The thing of the raid Exotic situation is that, if ever the gun turns out to be great, not earning one instantly feels like the game is holding you back, or that the time you invest in the game isn't being respected by the game itself. Raids are already a top-tier activity that most of the Destiny community doesn't participate in; they're tough, often gated by Power level, and require you to have five friends with multiple hours to spare to play the game with you. Getting taken apart by raid guns is a double bummer when you're a person with limited time and who struggles to get raid runs organized. Even with my crew of die-hards, getting one weekly raid run together is an uphill battle.

Bungie has recently taken smart steps to decrease the reliance on RNG for cool weapons, or to make not having them less burdensome. The Vow of the Disciple seal requires finishing off tough challenges and several Master-level runs of the raid, but it doesn't require the random drop of Collective Obligation, the raid's Exotic pulse rifle. In the Duality dungeon released in Season of the Haunted, the seal requires earning the Exotic sword Heartshadow, but your chances of the sword dropping from the final encounter of the dungeon are boosted by several Triumphs you can earn along the way, which are themselves also required for the seal--so at least on paper, your performance has a direct impact on your chances of earning a slick new sword.

And randomness isn't always how Bungie does these. The Garden of Salvation raid contains one of the game's best Exotics--a trace rifle called Divinity that creates a big bubble on enemies that greatly enlarges their critical hit spot. Divinity has become a mainstay for raid teams and in content like Grandmaster Nightfalls because it's so good, but Divinity wasn't a random drop. Instead, it requires solving an intricate puzzle hidden throughout the raid, and completing it is actually one of the most fun parts of the entire experience.

The Divinity puzzle is among the best parts of the Garden of Salvation raid.
The Divinity puzzle is among the best parts of the Garden of Salvation raid.

Divinity feels like a best-case scenario for dishing out raid Exotics. It's a tough but engaging series of extra steps, and you'll need a whole team's cooperation to earn it. It works with the challenge of the raid to make Divinity suitably challenging to unlock, while taking out the artificial difficulty of randomness.

Of course, we can assume that creating a series of puzzles like those for Divinity takes a lot of effort on Bungie's part, while a random drop is a drastically easier solution to getting raid Exotics in the game, and thus, probably a lot more realistic from a design standpoint. Adding Triumphs that adjust drop rates and taking Exotics out of the requirements for completing objectives are also good ways that Bungie is addressing the issue, and I'd like to see more ways in which challenging yourself in tough content has a direct impact on the rewards you get for doing it.

Honestly, though, my ideal scenario is the complete removal of RNG for raid Exotics. The randomness in these cases feels like a punishment, rather than a reward, for taking on high-level content. There might be an argument that Exotics as random drops encourages players to keep running raids, but that seems like a dubious assumption. If you're the kind of player who would be willing to put in multiple raids to chase an Exotic, you probably are the kind of player who would put in multiple raid runs regardless, thanks to random gun and armor rolls, extra challenges, and seal completions. RNG Exotics might encourage people who do far fewer raid runs to try to get back in there, but at least in my experience, it's not enough of a carrot to overcome the stick of organizing a team and scheduling. It's tough for more casual players to get into raids, and for lots of people, completing a raid once or a handful of times is a serious accomplishment. They shouldn't be penalized because they're not committed to putting in 33 runs, for whatever reason.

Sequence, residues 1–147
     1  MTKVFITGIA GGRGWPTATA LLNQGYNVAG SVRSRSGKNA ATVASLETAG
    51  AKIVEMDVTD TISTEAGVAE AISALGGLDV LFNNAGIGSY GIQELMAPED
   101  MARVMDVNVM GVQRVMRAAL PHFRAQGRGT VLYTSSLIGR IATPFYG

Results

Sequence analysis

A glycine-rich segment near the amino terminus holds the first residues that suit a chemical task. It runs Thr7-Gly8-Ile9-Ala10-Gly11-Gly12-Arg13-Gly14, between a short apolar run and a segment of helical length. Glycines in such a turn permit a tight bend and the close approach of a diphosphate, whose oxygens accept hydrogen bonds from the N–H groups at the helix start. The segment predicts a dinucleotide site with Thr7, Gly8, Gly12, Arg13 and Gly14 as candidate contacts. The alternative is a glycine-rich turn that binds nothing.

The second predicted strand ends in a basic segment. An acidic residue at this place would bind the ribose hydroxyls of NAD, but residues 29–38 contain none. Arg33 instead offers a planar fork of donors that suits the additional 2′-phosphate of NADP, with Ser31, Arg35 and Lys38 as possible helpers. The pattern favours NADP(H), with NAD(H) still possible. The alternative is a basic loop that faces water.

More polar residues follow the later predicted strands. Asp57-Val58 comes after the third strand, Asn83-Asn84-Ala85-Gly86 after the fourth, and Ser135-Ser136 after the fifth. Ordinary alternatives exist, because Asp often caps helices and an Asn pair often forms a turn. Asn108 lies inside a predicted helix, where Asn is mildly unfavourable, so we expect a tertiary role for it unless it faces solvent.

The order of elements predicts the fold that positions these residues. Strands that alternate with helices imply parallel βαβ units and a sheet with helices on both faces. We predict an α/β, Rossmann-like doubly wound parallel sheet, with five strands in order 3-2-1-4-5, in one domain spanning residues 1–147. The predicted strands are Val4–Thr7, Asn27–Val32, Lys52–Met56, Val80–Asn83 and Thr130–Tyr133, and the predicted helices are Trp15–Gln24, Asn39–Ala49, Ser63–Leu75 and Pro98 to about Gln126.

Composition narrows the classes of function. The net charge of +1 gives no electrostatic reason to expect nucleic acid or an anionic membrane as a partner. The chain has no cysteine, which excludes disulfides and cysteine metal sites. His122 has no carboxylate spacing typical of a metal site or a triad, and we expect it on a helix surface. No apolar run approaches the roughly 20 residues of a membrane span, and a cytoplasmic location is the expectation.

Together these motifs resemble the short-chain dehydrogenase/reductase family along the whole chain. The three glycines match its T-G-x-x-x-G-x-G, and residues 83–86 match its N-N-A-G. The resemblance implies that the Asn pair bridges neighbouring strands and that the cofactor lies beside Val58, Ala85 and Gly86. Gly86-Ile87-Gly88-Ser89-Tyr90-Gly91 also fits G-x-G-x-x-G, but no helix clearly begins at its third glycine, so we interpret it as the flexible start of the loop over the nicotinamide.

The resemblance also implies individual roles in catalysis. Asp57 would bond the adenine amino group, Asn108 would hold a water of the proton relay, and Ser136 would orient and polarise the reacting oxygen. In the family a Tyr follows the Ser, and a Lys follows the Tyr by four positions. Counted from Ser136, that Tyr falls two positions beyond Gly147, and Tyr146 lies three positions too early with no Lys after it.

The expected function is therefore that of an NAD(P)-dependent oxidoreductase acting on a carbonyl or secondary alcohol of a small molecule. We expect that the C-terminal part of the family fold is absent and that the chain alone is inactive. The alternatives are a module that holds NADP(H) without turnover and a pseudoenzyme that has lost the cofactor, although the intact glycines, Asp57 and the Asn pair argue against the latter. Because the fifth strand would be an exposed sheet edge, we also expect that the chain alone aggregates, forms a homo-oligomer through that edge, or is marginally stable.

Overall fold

I'm generally not a fan of randomness and the grinding it entails in Destiny 2 overall, but especially when it comes to raid Exotics, this feels like an unnecessary slot machine to force players to engage with that doesn't really add to the game. Players have already done the tough part in completing the raid, after all; why not reward them for engaging with some of Destiny's toughest, best content, in a way that might make them excited to engage with more of it? It seems like Bungie has this same idea in mind, and I hope it'll continue to iterate on the idea of decreasing the pain of Exotic RNG. Randomness might be an important feature in Destiny 2, but in the case of my 33 Deep Stone Crypt runs, it certainly didn't add any fun.

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Phil Hornshaw

Phil Hornshaw has worked as a journalist for newspapers and websites for more than a decade and has covered video games, technology, and entertainment for nearly that long. A freelancer before he joined the GameSpot team as an editor out of Los Angeles, his work appeared at Playboy, IGN, Kotaku, Complex, Polygon, TheWrap, Digital Trends, The Escapist, GameFront, and The Huffington Post. Outside the realm of games, he's the co-author of So You Created a Wormhole: The Time Traveler's Guide to Time Travel and The Space Hero's Guide to Glory. If he's not writing about video games, he's probably doing a deep dive into game lore.